Pester: Testing Your Module Manifest

I recently ran into a problem when using Pester to test the validity of my Powershell module manifests. My original idea for testing the manifest files came from Dave Wyatt’s tests for the Pester module itself. The first describe block he uses here runs several tests against the module manifest itself such as whether the manifest is versioned, has a valid GUID, and has a name.

One of the problems I sometimes run into when authoring a module is with exporting functions. Sometimes I’ll write a new function and think I’m all set to go but when I import the module the function doesn’t exist. After a few face-palms I’ll realize that I forgot to add the function to the FunctionsToExport array in the module manifest. With this in mind I wrote a test that checks if the functions that are exported from a module match the functions that are enumerated in the module folder itself:

So running these tests against my module returned all green and we were all set, except I noticed a problem – after a successful test run, if I changed the FunctionsToExport value of the manifest to what should be a failing state, such as by commenting out one of the function names, the test still returned a success status. This had me baffled! What I assumed was happening was that Pester tests had some kind of wonky scope rules that I just couldn’t reconcile against what I know about scopes in Powershell.

After much playing around with Describe, Context and It blocks in Pester, though, I came to the conclusion that the problem had nothing to do with scope at all – the problem was with the $Manifest variable I had created using Test-ModuleManifest! Testing outside of Pester I found that the Test-ModuleManifest cmdlet only really works once in a Powershell session and afterwards the output will never change, regardless of the state of the manifest file. Run it once, change a property of the manifest and run it again and you’ll get the same output. So when I commented out one of the function names in my manifest file the Test-ModuleManifest cmdlet was still including it in the list of exported functions and I would continue to get success test results.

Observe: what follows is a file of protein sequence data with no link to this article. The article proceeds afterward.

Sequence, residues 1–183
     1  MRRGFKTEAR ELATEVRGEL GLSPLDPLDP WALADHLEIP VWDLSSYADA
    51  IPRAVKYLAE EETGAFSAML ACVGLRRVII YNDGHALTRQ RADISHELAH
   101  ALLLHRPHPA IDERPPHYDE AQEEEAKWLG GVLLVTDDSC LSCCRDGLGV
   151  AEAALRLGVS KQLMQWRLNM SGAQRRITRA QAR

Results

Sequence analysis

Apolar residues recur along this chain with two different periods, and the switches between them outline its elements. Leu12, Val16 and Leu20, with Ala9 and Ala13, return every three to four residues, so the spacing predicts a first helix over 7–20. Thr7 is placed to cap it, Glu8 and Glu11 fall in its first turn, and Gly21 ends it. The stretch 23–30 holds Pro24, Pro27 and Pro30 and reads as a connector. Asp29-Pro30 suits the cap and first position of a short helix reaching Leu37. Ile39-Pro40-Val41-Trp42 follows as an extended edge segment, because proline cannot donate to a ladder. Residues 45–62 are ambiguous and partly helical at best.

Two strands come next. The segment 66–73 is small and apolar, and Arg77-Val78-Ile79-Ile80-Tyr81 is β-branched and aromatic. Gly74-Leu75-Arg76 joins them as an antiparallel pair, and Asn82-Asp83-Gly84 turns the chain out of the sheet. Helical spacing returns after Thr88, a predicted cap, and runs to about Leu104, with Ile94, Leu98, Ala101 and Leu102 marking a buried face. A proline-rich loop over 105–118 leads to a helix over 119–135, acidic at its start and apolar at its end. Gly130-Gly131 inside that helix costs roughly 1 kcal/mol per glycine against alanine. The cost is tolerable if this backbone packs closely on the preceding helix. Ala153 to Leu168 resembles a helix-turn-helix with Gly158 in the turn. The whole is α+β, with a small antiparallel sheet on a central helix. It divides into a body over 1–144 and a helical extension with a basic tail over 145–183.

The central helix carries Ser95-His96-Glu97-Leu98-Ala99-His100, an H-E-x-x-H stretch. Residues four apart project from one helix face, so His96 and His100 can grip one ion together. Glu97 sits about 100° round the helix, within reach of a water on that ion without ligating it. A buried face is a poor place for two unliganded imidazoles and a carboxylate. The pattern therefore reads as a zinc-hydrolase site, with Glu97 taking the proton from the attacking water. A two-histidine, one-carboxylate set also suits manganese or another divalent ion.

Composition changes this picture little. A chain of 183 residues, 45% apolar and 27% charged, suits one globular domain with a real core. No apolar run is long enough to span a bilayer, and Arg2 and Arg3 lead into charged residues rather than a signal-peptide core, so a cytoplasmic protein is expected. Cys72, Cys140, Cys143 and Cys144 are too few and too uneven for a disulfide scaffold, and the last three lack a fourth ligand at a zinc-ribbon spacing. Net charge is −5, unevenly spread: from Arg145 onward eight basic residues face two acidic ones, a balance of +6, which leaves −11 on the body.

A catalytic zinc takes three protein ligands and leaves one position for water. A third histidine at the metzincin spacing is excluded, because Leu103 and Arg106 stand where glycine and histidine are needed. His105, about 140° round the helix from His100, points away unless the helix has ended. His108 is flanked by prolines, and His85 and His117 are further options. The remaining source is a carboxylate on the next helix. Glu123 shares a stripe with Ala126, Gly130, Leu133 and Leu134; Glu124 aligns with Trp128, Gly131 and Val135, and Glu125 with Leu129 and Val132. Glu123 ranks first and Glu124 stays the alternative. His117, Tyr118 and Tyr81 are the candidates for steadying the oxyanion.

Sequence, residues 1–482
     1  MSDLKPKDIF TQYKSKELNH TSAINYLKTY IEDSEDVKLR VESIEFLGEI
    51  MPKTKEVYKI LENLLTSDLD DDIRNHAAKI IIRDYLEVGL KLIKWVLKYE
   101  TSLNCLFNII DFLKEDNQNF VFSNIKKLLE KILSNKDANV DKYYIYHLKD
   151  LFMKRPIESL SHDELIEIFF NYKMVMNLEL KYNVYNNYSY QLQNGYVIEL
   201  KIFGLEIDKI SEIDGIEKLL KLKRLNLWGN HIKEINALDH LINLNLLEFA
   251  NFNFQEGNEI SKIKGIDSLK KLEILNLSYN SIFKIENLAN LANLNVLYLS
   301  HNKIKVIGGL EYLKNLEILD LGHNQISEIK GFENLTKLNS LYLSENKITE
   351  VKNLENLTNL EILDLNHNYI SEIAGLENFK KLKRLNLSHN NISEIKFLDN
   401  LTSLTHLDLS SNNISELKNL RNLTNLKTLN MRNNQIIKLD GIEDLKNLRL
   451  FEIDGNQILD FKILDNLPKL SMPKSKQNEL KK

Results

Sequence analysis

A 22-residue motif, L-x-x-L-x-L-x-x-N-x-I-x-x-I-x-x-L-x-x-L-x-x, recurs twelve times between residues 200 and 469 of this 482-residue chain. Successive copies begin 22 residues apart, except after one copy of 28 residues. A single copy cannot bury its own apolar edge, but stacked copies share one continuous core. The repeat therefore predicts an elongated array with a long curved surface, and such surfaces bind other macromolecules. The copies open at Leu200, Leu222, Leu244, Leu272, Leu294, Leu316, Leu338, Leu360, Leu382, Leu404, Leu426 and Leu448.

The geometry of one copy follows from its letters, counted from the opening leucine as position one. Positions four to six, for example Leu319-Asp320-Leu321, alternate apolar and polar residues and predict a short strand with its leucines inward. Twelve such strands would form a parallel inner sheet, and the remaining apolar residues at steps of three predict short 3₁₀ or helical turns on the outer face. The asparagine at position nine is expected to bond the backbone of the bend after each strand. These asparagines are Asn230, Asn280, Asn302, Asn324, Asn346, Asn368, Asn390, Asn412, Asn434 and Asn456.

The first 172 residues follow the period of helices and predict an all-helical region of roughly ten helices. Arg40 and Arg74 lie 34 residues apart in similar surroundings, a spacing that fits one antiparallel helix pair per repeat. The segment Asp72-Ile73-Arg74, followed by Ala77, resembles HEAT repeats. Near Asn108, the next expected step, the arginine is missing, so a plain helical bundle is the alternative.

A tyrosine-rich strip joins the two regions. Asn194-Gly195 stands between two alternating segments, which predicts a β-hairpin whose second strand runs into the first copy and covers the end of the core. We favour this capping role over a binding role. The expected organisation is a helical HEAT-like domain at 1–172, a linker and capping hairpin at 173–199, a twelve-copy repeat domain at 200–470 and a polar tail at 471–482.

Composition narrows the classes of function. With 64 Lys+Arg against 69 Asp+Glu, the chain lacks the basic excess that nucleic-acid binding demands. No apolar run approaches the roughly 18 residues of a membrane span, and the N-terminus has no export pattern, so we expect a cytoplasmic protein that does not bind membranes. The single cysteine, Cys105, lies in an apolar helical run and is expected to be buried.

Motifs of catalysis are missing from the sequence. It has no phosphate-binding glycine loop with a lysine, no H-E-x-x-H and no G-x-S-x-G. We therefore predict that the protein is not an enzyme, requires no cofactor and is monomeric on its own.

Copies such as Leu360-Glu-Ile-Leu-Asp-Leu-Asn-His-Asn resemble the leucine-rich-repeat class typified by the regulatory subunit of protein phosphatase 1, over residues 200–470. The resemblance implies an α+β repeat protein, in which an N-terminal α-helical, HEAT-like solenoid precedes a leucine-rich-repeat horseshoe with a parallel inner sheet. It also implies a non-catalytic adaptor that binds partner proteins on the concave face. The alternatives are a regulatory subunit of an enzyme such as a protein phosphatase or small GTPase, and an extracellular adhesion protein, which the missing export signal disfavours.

A bug for this behavior has already been filed on Microsoft Connect. So to get around this behavior I decided to test the manifest file simply by importing it as a hash table (since that’s what a module manifest really is) and then test the values of each key of that hash table:

I still run the Test-ModuleManifest cmdlet just to get a check on the overall validity of the manifest, but I don’t base my other tests on the result of this cmdlet. Instead I use this line:

To output a hash table for testing. So how are you testing your modules with Pester? And if you aren’t using Pester, you’d better get started!

P.S. Thanks to Jakub Jares and Dave Wyatt for helping me discover the issue with Test-ModuleManifest.

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